With the recent economic downturn, many startups have slowed — if not altogether frozen — their hiring plans. And understandably so: as funding rounds stretch longer and inflation impacts people’s spending, leaders are keeping a more watchful eye on budgets. However, even if your hiring has slowed, your recruiting function should never stop.
Fortunately, unlike traditional inbound and outbound recruiting, network recruiting is flexible enough to keep your recruiting engine running even if your hiring plans are in flux. Below, founders and recruiting experts weigh in on how to best leverage network recruiting during a downturn.
- Melanie Tantingco, Former VP of Talent Acquisition at Vise
- Nolan Church, Founder & CEO at Continuum, former CPO at Carta, and first people ops hire at DoorDash
- David Connors, Co-Founder & CEO at The Swarm, formerly Director of Recruiting Ops at Sequoia Capital
But first: What is network recruiting?
Network recruiting leverages the power of human connections to power recruiting, an approach that’s been proven to be more efficient, affordable, and effective than job board postings. Many companies already do this to a certain extent (formally or informally) through the use of an employee referral program.
Here at The Swarm, we’re building the first tool that lets you bring together the individual connections of your teams, advisors, and investors into a combined company network, allowing you to quickly surface, vet, and contact potential talent from this shared pool.
“Network recruiting really uncovers the hidden gems [in your combined network], whether through software or through a diligent process that allows you to uncover people you probably weren’t thinking about,” explains Melanie.
Leveraging network recruiting during a downturn
So, how can you use network recruiting to further your hiring goals, even during a downturn?
Always be recruiting — even with no open roles on the horizon
“Something I learned from Tony Xu, the CEO of DoorDash, was … always be recruiting,” says Nolan. “That was true when we were hiring hundreds or thousands of people, and also true when weren’t hiring anyone at all.”
Even if you’re not hiring today, chances are you will be tomorrow — and doing so will be a lot easier if you’ve spent the last few months developing warm relationships with potential candidates.
“The way I think about it is similar to raising capital from investors,” says David. “You want to build a relationship over time, so that they invest on a line, not just on a point. So if you can be doing that 12 to 18 months ahead with the best talent — showing them the story of how you're building, how the team's growing, showing them that momentum and getting them excited — they're way more likely to then be able to convert into a hire versus if you start 18 months from now.”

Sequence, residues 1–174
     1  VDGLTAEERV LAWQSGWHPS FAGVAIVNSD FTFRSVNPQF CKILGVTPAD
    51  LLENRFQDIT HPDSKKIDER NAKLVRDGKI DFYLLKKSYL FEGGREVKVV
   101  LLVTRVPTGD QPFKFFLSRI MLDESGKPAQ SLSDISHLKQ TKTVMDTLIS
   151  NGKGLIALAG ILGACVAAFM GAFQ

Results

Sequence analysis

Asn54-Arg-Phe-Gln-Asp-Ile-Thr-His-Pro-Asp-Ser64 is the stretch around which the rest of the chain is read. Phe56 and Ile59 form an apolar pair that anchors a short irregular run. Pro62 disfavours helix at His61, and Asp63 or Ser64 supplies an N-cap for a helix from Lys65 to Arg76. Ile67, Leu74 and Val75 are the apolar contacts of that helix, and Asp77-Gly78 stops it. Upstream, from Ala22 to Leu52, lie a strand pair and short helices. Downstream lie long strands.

To help keep your executives, recruiters, and hiring managers accountable, you can create a key performance indicator (KPI) for these conversations. If key employees are having X amount of conversations with potential talent each week or month, you’ll be adding talent to your funnel continuously — long before you need it.
Ask for advice (not an application)
When it comes to networking with potential future candidates, Nolan suggests asking them for advice, rather than to simply connect and chat.
“In the reach-out, my goal is like, ‘Hey, I would love to learn from you about this thing.’ And I think that's a great way to just open up a conversation,” says Nolan. “It's a great way to make the other person feel like, ‘Wow, somebody wants to learn from me.'"
Not only do people have an innate desire to help others, but this allows you to get a sense of potential candidates’ expertise and personality. It also makes it easier for you to nurture a deeper relationship with the candidate over time.
Consider bringing potential candidates on in a limited capacity
If you’re still several months away from hiring for a certain role, you can still bring a strong potential candidate on as either an advisor or contractor in the meantime.
“You identify someone, maybe get them on for a couple of hours a week or a few hours a week, and then slowly over time — as they kind of get more and more exposed to the company — they get more excited,” says David. “All of a sudden, your opportunity versus the 10 other ones they're considering, becomes stronger in their mind. And then when you do give them this opportunity to come on full-time, it's much more likely to happen. It's also a great way for you to get to know them and to understand if you actually do want to hire them.”
Keep your approach scalable
Over the last few (hectic) years, many recruiters have found themselves overwhelmed by work — leading to a more “transactional and robotic” approach to hiring than one might prefer, Nolan says. And yet, taking a more human approach to recruiting doesn’t have to mean it isn’t scalable.
Today, tools like LinkedIn, Gem, and The Swarm make it easy to manage your outreach, plan ahead, and proactively engage candidates. David also recommends using Guide, a candidate engagement portal that increases transparency around the hiring process.